IT IS DIFFICULT TO BELIEVE that it has been more than four years since chromated-copper-arsenate-, or CCA-treated lumber was replaced by alkaline-copper-quarternary-, or ACQ-, treated lumber. Since that time, there have been many corrosion tests conducted, numerous articles written and countless fasteners installed into ACQ-treated lumber. Yet with all this information available, questions persist about ACQ, corrosion of metals and fastener selection.
The Glenview, Ill.-based Metal Construction Association recently approved a position paper addressing the most frequently asked questions surrounding metal-roofing fasteners and ACQ-treated lumber. The following questions are a sampling of what "Metal Roof and Wall Panel Components in Contact with Preservative-Treated Lumber" covers:
Why was CCA-treated lumber removed from the market?
The preservatives used in CCA-treated lumber are chrome and arsenic, which are carcinogens. Removing them is a benefit to the environment.
Why was ACQ treatment selected in place of CCA?
According to the U.S. Environmental Protection Agency, Washington, D.C., ACQ is a water-based wood preservative. It was chosen because of its ability to guard against decay and insects while being environmentally friendly.
What problems can ACQ-treated lumber cause to metal roofing fasteners?
The copper in ACQ has a tendency to accelerate the corrosion of zinc-plated fasteners. The zinc plating corrodes in the form of white rust (zinc oxide) until the bare carbon steel is exposed and corrodes in the form of red rust (iron oxide).
One of the most common causes of rusting steel fasteners is galvanic corrosion, which takes place when all the following occurs:
> Dissimilar metals are present.
> An electrical contact path between the metals is present.
> An electrolyte is present.
All three conditions exist when metal-roofing fasteners are installed into ACQ lumber.
What can be done to fasteners to show or eliminate corrosion?
There are many ways to minimize fastener corrosion. One way is by using materials with similar electro-potential. (See the Galvanic Series Chart on page 81). Using similar metals will reduce the amount of corrosion that occurs to the least noble material.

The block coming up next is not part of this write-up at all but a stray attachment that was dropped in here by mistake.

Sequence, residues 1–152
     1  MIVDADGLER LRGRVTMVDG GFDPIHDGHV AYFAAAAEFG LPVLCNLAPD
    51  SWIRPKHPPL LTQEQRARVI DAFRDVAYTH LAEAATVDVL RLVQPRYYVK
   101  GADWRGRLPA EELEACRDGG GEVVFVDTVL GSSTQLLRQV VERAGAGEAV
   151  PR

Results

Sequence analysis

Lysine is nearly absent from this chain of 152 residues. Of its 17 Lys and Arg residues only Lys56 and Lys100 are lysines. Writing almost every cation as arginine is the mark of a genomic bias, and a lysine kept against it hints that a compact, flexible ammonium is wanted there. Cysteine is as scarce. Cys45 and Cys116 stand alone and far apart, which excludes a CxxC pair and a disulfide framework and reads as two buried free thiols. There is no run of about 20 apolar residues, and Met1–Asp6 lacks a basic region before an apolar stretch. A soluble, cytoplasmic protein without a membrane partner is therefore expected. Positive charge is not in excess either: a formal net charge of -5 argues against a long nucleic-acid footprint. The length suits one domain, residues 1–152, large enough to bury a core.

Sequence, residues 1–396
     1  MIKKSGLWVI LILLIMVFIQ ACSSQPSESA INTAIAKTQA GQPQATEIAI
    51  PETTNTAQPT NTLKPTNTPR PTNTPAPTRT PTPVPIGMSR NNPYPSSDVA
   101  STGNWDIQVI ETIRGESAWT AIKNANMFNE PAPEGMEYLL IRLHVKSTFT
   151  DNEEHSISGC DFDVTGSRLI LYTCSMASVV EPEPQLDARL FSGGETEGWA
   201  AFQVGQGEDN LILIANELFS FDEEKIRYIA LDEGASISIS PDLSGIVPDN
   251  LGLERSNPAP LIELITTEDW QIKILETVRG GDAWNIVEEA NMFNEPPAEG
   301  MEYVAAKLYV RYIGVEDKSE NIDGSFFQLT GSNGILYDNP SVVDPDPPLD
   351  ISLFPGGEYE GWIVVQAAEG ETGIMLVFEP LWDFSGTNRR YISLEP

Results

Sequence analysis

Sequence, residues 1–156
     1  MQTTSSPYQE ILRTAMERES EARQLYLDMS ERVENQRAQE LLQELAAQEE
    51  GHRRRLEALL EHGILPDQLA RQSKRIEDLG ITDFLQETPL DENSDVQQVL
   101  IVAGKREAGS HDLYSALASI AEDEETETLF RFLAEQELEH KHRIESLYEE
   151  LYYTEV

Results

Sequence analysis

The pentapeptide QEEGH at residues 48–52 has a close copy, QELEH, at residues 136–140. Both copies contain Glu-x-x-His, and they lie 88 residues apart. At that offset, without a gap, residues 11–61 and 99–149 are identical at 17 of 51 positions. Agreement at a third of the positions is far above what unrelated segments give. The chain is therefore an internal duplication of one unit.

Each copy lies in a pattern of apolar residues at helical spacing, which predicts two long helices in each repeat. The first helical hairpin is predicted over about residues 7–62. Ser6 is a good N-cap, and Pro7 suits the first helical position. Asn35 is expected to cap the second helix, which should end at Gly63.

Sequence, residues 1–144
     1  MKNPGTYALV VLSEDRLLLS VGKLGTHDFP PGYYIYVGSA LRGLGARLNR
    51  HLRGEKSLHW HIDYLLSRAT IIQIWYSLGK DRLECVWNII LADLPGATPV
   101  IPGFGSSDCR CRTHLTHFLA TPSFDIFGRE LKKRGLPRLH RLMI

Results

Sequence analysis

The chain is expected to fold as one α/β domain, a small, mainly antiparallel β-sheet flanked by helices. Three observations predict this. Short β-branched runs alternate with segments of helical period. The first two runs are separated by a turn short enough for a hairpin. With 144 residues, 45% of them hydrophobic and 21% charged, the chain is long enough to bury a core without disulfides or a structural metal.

There also are two basic types of finishes applied to fasteners that enhance corrosion resistance. These finishes are referred to as a barrier coating, such as Kynar paint, or sacrificial plating, including zinc. Barrier coatings and sacrificial plating have advantages and disadvantages. The thicker the coating or plating, the more corrosion resistance they provide. However, at some point, coatings and plating will fail and the fastener will rust.
What coatings are best to use on carbon-steel fasteners?
A popular coating system often used on carbon-steel fasteners is an organic barrier style applied over a metallic sacrificial plating. There are many types and brands of barrier coatings available and most will provide six times more corrosion resistance than standard zinc-plated fasteners. Barrier coatings widely are specific for use in construction, industrial and automotive applications. They protect the base metal from corrosion as long as the coating is not chipped, peeled or cracked. Because of this condition, a sacrificial base coat often is used under the barrier-style topcoat.
Can standard zinc-plated fasteners be used in ACQ-treated lumber?
Standard zinc-plated fasteners will corrode quickly and should not be used in ACQ-treated lumber.
It is important to remember that carbon-steel fasteners used in ACQ-treated lumber must provide corrosion resistance equal to hot-dipped galvanized per ASTM A153.
What fasteners are approved for use in ACQ-treated lumber?
The Southern Pine Council, Kenner, La., has stated certain carbon-and stainless-steel fasteners are acceptable for use in ACQ-treated lumber. These fasteners also are recognized by MCA and the Rosemont, Ill.-based National Roofing Contractors Association.
It is important to remember that carbon-steel fasteners used in ACQ-treated lumber must provide corrosion resistance equal to hot-dipped galvanized per ASTM A153. Carbon-steel fasteners coated with proprietary anti-corrosion coatings also may be considered.
Although stainless-steel fasteners are three to four times more expensive than carbon-steel-coated fasteners, stainless steel provides greater resistance to corrosion in ACQ-treated lumber. Fasteners made from 302, 304, 305 or 316 stainless steel (18-8) are good options. (Although 410 series stainless steel is not listed as an approved material by the Southern Pine Council, it has been tested and is supplied by some fastener companies.) However, under certain conditions, the use of stainless-steel fasteners may accelerate galvanic corrosion of the steel panel. Discuss the application with your panel supplier to determine the best material for your condition.
Joe Stager is in product development for Triangle Fastener Corp., Cleveland. He contributed to the writing of the "Fastener Selection Guideline" published by the Glenview, ILL.-based Metal Construction Association.